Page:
There were also some Jews in Mecca and his wife's cousin was a Christian. Since most religions were not written down, it was not uncommon for people to have different versions of each religion, or even to start their own type of worship.
To be a Muslim means to accept that Mohammed was the perfect Human Being. His life is the example for all Muslims to follow in every way possible.
Of course not all Muslims are very successful in this endeavour but the level of devoutness of a Muslim is judged by how closely he follows Mohammed’s example and teachings. This fact is not disputed in Islam. That is why it is so important to know his story. There is even a word to describe Mohammed’s behaviour, which is “Sunnah”
Some people may feel that this book should not be read for moral reasons. Before I go any further I would therefore like to make something very clear. I am a huge fan of religious freedom. People should be allowed to believe what they want and worship in any way they see fit.
If a group of Christians wants to worship in a weird or unusual way it doesn’t bother me one bit.
If, however those people form a political organization and start trying to influence the way their society is run then I will likely take an interest. If I don’t agree with their political agenda or methods, I assert my right to criticize these activities.
This is not a religious criticism; it is a political criticism.This book is not overly concerned with religious aspects of Islam. We will not be investigating its religious beliefs or practices too deeply. What I will be commenting on are the political objectives, political agenda and political methods of Islam.
These are clearly laid down in Islamic Doctrine. How Muslims interact with each other or interact with their chosen Deity is a religious matter. That doesn’t interest me at all. How they interact with non-Muslims, (who they refer to as Kaffirs) is a political matter and does concern me. As this story unfolds you will soon see why.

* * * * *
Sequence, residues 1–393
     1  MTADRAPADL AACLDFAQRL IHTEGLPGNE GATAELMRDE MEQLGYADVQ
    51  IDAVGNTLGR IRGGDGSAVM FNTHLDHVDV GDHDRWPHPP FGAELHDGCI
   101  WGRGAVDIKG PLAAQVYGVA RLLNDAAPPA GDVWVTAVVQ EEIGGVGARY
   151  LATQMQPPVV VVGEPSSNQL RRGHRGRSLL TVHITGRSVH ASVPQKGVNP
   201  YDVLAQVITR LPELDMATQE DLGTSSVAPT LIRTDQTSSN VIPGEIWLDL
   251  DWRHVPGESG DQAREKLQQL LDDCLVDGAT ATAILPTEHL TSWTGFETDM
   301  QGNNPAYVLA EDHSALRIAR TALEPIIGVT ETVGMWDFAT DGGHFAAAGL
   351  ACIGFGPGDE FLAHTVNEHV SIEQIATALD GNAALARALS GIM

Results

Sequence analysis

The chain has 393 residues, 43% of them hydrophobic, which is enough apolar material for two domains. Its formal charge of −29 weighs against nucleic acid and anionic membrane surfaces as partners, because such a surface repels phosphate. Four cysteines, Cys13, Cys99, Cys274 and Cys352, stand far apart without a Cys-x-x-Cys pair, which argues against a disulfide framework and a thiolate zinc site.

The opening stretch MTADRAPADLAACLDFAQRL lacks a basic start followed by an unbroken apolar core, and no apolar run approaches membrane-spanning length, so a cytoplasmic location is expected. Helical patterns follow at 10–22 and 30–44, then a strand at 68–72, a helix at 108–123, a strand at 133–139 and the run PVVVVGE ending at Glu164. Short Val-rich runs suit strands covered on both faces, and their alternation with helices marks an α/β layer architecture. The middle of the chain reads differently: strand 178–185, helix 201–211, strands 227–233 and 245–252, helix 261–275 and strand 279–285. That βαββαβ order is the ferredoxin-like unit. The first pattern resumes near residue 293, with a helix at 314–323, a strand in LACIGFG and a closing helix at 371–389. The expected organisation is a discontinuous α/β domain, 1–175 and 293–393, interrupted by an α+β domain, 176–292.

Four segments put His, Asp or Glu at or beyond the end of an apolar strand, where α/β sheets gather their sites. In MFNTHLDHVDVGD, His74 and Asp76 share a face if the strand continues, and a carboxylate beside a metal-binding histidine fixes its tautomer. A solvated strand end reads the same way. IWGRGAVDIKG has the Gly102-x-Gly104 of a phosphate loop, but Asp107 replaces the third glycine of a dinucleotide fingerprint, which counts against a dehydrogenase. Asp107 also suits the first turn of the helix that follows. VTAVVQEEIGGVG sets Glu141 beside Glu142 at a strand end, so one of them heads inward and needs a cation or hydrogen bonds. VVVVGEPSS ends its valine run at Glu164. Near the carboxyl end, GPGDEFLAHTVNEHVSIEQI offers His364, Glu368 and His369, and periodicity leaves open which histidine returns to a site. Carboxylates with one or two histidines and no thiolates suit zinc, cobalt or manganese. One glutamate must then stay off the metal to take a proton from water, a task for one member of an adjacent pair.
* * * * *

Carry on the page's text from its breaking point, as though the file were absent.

The original source of most of this material is Ibn Ishaq’s book, Sirat Rasul Allah (The Story of the Prophet of Allah) or just The Sira. Ibn Ishaq is the most revered and trusted Muslim scholar of all time. This work was compiled around 100 years after Mohammed’s death which makes it his oldest surviving biography. It is the absolute definitive biographical account of Mohammed’s life for Islamic scholars.
It was translated into English in 1955 by Professor of Arabic, Alfred Guillaume, under the title The Life of Muhammad with the help of a number of Arab professors. This is still the most widely used English translation for both Muslims and non-Muslims.
This direct translation has been superbly simplified and rearranged, by Bill Warner of the Centre for the Study of Political Islam. He has included material from other well trusted sources. This gives clarity and context to a story which previously took enormous amounts of painstaking study to understand.
The title of his book is Mohammed and the Unbelievers. Most of the quotes used will come from this book (which is referenced back to The Sira by a system of margin numbers contained in the original text).
(To read the next chapter, click on the link below)Go to Chapter Two